Concerning the Blog
This blog is a record of one man’s thoughts, which include but are not limited to: questions, prayers, maxims, dialogues both recorded and invented, observations, quotes from other writers, poems, parables, definitions, lists, etc.
There is no planned arrangement of the thoughts. They are unordered, variously structured, and at first glance disparate, yet not so disparate as to give the impression that they come from more than one writer. It may be that patterns emerge from the posts, but the reader should consider the patterns incidental to the content of those posts. Beyond this simple sketch of the contents of the blog, the writer will make no attempt to systematize his thoughts. Key-word tags and categories are used for finding old thoughts easily and not for much else. Anyway, little is gained and much is lost when one man’s thoughts are built up into a system. The writer of this blog is one man of many words, one heart overflowing, but no one needs a system to be sure of that.
Concerning the Tasks of Writers and Readers
Some of the thoughts may be confusing. It is not the writer’s intention to confuse, but he does insist that the reader reads—slowly, earnestly, trustingly.
Each thought is a firmly closed door. The reader may be unable to guess where that door leads, but his task as a reader is to open that door and find out. Some writers (but not the writer of this blog!) take up the added responsibility of preparing the reader for what will or should be found on the other side of the door. Such a writer is called an “author.” And an author, in presumptive fatherliness, diminishes the task of the reader. Authors do this so well and so often that some readers (but not the reader of this blog!) become habitually unwilling to approach closed doors at all. Instead, these readers prefer the convenience of finding their own thoughts already opened up.
So these readers, when they encounter the contents of this blog and the possible confusion that follows from a thought, will hastily retreat back to their “feeds” and “digests,” as if reading were as easy as eating. (They are aptly called “consumers” of words.) Yet the reader of this blog should not be alarmed by confusion. All the closed doors here are meant to be opened, and all confusion meant to be resolved, but by the reader. Keeping this in mind, the writer writes slowly, earnestly, and trustingly for the reader.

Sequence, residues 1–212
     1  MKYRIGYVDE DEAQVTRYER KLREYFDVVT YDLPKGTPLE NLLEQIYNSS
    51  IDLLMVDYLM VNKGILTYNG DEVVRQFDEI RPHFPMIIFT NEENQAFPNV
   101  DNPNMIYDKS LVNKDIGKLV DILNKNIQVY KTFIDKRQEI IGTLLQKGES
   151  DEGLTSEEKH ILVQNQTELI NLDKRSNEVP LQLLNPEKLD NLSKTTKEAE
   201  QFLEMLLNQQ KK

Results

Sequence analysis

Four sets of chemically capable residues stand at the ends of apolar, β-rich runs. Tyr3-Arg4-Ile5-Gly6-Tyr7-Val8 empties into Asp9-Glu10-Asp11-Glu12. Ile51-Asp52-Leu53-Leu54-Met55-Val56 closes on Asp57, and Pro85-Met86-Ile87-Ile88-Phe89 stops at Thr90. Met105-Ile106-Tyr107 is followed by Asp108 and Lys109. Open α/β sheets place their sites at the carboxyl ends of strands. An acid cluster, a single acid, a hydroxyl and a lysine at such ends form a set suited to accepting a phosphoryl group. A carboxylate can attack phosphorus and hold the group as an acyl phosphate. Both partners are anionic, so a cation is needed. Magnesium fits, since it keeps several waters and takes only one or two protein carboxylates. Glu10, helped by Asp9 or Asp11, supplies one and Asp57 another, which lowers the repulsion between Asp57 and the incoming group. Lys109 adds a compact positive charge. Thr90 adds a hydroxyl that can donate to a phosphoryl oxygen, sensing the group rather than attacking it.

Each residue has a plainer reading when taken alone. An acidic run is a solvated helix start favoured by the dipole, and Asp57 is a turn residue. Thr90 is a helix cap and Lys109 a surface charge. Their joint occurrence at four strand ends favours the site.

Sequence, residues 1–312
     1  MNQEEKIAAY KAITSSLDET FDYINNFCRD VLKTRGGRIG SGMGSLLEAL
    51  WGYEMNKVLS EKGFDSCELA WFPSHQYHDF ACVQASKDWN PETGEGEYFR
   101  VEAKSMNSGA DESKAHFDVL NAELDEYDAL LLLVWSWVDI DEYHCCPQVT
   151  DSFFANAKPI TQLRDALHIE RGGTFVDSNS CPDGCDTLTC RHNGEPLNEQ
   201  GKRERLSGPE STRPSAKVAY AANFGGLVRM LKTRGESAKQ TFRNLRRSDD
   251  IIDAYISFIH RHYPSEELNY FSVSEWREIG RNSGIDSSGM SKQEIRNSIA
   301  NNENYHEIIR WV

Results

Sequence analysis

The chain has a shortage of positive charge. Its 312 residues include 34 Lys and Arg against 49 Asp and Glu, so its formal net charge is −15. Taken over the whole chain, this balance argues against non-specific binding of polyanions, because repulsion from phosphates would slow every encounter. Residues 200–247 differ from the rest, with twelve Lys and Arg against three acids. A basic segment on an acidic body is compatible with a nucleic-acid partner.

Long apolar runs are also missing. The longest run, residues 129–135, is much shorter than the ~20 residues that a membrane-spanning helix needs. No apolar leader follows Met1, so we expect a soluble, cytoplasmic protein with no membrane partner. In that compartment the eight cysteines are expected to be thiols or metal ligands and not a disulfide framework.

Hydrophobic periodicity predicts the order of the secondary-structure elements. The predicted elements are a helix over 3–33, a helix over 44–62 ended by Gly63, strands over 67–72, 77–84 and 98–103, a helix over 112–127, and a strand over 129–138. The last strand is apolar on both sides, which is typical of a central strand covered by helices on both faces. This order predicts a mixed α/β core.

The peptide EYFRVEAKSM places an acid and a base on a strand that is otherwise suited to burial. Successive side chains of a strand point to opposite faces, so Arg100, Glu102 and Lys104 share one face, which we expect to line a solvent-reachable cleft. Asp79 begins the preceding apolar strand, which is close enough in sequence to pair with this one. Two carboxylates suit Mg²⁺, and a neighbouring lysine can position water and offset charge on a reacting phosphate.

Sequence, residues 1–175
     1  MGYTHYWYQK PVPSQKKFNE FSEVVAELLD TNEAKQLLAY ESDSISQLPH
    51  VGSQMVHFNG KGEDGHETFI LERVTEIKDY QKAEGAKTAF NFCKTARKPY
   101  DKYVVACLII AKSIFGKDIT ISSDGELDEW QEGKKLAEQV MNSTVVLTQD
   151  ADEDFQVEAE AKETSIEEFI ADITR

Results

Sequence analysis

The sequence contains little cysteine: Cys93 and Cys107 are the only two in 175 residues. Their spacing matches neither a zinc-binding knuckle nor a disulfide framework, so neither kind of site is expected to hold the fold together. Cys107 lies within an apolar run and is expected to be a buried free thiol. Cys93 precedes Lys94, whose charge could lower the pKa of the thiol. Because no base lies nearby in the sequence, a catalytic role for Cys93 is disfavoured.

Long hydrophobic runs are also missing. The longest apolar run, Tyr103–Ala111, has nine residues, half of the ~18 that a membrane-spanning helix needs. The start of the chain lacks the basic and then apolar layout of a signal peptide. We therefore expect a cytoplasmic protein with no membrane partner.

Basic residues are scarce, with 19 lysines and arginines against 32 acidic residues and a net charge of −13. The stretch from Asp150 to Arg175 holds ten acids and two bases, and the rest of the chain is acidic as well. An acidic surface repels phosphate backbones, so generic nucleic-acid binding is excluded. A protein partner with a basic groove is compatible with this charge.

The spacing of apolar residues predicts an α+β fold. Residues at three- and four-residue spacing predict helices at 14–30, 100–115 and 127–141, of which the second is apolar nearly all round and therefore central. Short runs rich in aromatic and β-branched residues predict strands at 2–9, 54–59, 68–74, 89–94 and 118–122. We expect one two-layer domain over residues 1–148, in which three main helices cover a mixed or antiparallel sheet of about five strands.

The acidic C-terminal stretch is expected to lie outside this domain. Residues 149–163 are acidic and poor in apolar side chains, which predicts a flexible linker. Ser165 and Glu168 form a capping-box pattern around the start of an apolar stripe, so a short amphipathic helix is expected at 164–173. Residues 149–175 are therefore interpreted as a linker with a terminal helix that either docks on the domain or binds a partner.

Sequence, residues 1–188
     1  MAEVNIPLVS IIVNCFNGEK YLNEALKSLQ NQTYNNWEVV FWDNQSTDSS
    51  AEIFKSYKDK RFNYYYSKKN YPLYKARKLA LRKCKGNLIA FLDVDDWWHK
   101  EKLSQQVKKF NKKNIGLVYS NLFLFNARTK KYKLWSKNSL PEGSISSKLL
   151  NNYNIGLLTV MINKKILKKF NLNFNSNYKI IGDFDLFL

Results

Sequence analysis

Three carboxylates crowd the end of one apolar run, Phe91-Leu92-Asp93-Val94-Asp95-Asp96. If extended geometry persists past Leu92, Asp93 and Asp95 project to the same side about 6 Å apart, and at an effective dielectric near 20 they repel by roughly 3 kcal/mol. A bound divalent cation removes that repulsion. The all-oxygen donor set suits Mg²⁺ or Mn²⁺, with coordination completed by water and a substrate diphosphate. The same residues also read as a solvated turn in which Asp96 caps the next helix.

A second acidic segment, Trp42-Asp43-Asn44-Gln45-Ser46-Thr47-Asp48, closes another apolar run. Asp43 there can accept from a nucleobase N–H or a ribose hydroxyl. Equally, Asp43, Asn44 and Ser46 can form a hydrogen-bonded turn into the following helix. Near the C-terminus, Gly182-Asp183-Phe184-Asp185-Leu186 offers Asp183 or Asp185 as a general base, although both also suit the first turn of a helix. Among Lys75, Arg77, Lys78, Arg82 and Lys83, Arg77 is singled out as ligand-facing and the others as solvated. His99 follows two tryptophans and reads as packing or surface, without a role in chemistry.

Still, the unfortunately labeled “comment” function with each post is more for the writer. There is no expectation for “comments,” but what writer is not delighted by conversation! Anyway, while not being obligated to write a response, the reader who accepts the task to read slowly and earnestly and trustingly will nevertheless begin a conversation—with himself. That, at least, is what the writer expects.
Concerning the Writer
Biographical details can never be anything more than interesting—interesting in the sense that they temporarily stave off boredom. The appetite of boredom is most sated by human life, and all who are bored devour lives by the dozen. The life of a writer is the special diet of those impatient readers, those consumers who crave only hearing without understanding, only seeing without discerning—to say nothing of only hearing the word without doing it. Again, the consumers enjoy, most of all, finding their own thoughts on a page without thinking anything anew. And knowing about a writer’s life makes this consumption easier because the biographical details become a scheme for summing up the writer, thoughts and all; the consumers take in thoughts that have become easy on the palate, so the speak, seasoned to taste by facts. In the end, biographical details tend to make readers approach a text in a way that undermines the slowness, earnestness, and trust that characterize the genuine reader’s task.
Knowing something about the writer should be treated as a terrible temptation—no, as an enemy that will come to steal and kill and destroy whatever good the thoughts might hold. Let the biographical details neither legitimize the thoughts nor undermine them.
It is best to forget the writer altogether. Forget his art. Forget his background. Only remember his hope: that the reader be upbuilt in the reading.